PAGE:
Punk helps you cut loose from your roots. Where you land is your own business. Take lo-fi riser Vex Ruffin, who turns his back on the Californian sunshine of his Chino Hills hometown and dreams himself over the Atlantic to Blighty, to a soggy Stockport or a drizzled Haywards Heath. Once there, he’ll while away the time throwing some deliberately awkward shapes and kicking the bleached ghost of Martin Hannett round a multi-storey car-park.
Back in his real home, Vex is fertile soil with a growing reputation – a onetime Cure fan with a parallel taste for Ruff Riders hip-hop, an anti-technique approach to guitar, and a wide-open yen for discovery and striking scratch-video. Potentially, it’s an interesting combination for creative confusion; especially as he doesn’t appear to be the fringe-dwelling white geek you’d expect, but a bandana-rocking American Asian with a penchant for moody or macabre photocalls (ruling alone on a bench with an intimidating glower, or playing shot-to-death up against a wall). Despite the gangster trimmings, Vex is also an artistic loner, playing with anyone but following no-one, and vocally eschewing scenes.
Strange then, that ‘Eulogy’ should so precisely capture the dank anti-achievement atmosphere of a single scene; English post-punk from the dying days of the 1970s. It’s all there – the rat-scuttle drum-machine sounds and tin-tube vocals; the primitive synth-blipping (from early Mute singles); the street-sweeping snarl-up of half-buried guitar. Even the jittery sheathes of reverb and echo, recalling Hannett’s work with the Invisible Girls and John Cooper Clarke.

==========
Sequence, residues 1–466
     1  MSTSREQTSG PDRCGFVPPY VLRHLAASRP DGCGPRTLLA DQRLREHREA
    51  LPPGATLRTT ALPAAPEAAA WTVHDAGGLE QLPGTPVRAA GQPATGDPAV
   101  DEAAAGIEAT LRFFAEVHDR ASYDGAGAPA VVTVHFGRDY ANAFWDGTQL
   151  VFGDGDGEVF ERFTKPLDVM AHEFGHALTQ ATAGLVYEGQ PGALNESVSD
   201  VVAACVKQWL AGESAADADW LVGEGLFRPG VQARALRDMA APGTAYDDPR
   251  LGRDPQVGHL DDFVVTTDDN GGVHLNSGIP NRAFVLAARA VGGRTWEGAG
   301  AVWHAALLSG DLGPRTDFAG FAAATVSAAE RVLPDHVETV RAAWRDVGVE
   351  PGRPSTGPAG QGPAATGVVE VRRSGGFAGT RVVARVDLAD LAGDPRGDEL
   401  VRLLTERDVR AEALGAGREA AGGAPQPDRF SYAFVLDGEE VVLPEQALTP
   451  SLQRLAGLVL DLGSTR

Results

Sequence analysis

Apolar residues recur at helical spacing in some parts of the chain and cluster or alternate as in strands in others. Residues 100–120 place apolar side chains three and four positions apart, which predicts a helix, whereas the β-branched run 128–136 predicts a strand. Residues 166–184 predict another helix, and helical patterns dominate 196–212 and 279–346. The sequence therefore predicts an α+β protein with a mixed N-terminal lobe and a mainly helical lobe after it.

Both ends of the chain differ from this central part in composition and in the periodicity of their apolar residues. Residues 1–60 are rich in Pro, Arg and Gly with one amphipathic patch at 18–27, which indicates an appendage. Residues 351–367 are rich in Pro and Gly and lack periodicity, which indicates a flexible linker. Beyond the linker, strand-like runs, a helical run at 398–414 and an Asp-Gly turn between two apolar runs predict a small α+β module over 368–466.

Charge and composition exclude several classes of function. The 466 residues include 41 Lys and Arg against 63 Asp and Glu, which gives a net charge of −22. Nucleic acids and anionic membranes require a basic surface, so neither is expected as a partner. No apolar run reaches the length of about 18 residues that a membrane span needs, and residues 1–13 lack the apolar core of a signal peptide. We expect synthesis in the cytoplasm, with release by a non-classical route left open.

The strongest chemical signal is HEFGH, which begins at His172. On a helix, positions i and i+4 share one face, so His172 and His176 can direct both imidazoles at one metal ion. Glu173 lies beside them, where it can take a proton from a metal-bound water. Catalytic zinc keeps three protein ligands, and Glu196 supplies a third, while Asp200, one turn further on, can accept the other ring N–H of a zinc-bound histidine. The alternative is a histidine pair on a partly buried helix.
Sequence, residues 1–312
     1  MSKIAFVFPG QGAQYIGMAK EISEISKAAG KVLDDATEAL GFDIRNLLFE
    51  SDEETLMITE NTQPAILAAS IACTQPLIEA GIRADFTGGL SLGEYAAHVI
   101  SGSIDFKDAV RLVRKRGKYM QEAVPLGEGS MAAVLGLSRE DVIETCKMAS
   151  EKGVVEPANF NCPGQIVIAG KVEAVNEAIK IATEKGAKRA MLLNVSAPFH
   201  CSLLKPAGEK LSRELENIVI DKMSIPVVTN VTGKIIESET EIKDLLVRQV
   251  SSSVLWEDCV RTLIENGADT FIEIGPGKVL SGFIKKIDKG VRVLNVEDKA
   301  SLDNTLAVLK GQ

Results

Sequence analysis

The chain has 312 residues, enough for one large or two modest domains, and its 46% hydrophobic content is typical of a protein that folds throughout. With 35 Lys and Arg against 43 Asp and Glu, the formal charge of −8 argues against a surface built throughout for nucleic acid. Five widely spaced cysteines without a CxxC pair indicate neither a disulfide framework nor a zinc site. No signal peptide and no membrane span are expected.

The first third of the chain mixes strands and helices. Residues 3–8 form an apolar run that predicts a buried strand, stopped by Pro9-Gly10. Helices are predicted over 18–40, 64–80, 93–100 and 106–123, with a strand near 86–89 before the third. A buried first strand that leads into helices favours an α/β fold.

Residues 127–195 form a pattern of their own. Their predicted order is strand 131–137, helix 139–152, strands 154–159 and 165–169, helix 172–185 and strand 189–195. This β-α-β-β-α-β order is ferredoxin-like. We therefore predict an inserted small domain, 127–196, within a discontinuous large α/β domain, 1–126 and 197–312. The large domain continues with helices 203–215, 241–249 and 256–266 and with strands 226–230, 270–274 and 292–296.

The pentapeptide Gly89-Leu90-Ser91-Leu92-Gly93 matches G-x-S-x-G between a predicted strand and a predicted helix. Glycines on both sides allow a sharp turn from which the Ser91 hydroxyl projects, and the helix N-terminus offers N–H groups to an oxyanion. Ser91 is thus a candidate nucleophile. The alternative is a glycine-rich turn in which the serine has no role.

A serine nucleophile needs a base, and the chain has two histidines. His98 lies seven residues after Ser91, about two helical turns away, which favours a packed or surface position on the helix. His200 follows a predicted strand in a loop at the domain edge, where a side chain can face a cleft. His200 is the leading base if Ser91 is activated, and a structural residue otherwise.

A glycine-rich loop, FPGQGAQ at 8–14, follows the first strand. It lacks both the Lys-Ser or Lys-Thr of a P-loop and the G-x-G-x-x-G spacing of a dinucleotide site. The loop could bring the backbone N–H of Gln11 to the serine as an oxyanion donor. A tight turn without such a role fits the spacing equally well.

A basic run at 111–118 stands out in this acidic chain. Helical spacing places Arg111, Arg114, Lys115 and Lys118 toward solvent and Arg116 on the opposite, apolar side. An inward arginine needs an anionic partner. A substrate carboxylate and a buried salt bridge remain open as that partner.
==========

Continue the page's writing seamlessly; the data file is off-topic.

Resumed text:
Distant and detached, Vex’s voice funnels into the mix as if it’s been blown in with the leaves. The baleful alienation feels like Public Image Ltd. – on Eulogy itself, Vex even declares “I don’t wanna be seen, and isolate myself with your scene… I don’t want it” in a gruff Jah Wobble growl. But Vex simultaneously goes both further and not so far, archly clipping his thoughts and lyrics down to a bare, bored minimum. On Perfect Congestion he just chants “I don’t want to hear it, I don’t want to hear it.” Even the drumbox blip and cheap synth tang of Secret Weapon (with its hopeful refrain of “You’ll stand, you’ll see”, halfway to a classic cyber-single) sounds like a marching call bleached down nearly to nothing; like five-year-old graffiti traces.
It’s a freebie EP, so perhaps it’s best not to expect the cream. Yet this is bland coming from someone who recently made his name with postcard singles and fired up his restlessness with I’m Creative. OK, the sounds were similar, but this time Vex succumbs to a drizzling disaffection. In Tunnel Vision, Vex toys with a tale of inspiration (“it was late afternoon when I felt the brilliance, and it was truly original,”) but delivers it in a robotic monotone, ending up in a blind-alley moan over a slew of guitar fuzz. For Space Out , he flaunts his Cure fandom in a shambles of punk psychedelia and stair-tumbling drum loops, intoning “I can barely breathe, I need to clear my head, I need to get inspired” in a Peter Sellers joke voice.
I suspect that he’s taking the piss on a grand scale (why call anything ‘Eulogy’ when you sound so fucking bored with it all?) but the joke’s a pretty thin one. There’s something in the tone of this which suggests a smart guy deliberately turning his back. While this leaves a disappointing taste, it’s not quite enough to justify me returning the favour and turning my own: Vex has more in him, but it’s time to start taking some risks.
Vex Ruffin: ‘Eulogy’ EP
Stone’s Throw Recordings (no cat. number)
Free download EP
Released: 9th March 2012
Get it from:
free download from Stone’s Throw Recordings.